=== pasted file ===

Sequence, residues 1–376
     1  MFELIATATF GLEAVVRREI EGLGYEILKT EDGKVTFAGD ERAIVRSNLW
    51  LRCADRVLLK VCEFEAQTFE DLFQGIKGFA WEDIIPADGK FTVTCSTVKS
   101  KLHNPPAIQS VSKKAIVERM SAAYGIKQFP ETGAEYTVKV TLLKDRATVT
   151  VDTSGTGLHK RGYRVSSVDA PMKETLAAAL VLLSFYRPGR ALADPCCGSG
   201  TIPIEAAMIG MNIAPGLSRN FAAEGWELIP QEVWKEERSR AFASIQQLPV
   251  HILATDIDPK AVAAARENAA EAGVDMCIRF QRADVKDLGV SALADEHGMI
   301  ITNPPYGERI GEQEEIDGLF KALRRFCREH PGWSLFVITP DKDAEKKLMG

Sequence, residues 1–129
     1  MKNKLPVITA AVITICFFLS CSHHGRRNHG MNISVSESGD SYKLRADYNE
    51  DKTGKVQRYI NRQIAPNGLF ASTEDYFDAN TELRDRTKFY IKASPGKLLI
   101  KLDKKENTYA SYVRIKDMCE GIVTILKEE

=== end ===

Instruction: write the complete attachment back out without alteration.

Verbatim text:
Sequence, residues 1–376
     1  MFELIATATF GLEAVVRREI EGLGYEILKT EDGKVTFAGD ERAIVRSNLW
    51  LRCADRVLLK VCEFEAQTFE DLFQGIKGFA WEDIIPADGK FTVTCSTVKS
   101  KLHNPPAIQS VSKKAIVERM SAAYGIKQFP ETGAEYTVKV TLLKDRATVT
   151  VDTSGTGLHK RGYRVSSVDA PMKETLAAAL VLLSFYRPGR ALADPCCGSG
   201  TIPIEAAMIG MNIAPGLSRN FAAEGWELIP QEVWKEERSR AFASIQQLPV
   251  HILATDIDPK AVAAARENAA EAGVDMCIRF QRADVKDLGV SALADEHGMI
   301  ITNPPYGERI GEQEEIDGLF KALRRFCREH PGWSLFVITP DKDAEKKLMG

Sequence, residues 1–129
     1  MKNKLPVITA AVITICFFLS CSHHGRRNHG MNISVSESGD SYKLRADYNE
    51  DKTGKVQRYI NRQIAPNGLF ASTEDYFDAN TELRDRTKFY IKASPGKLLI
   101  KLDKKENTYA SYVRIKDMCE GIVTILKEE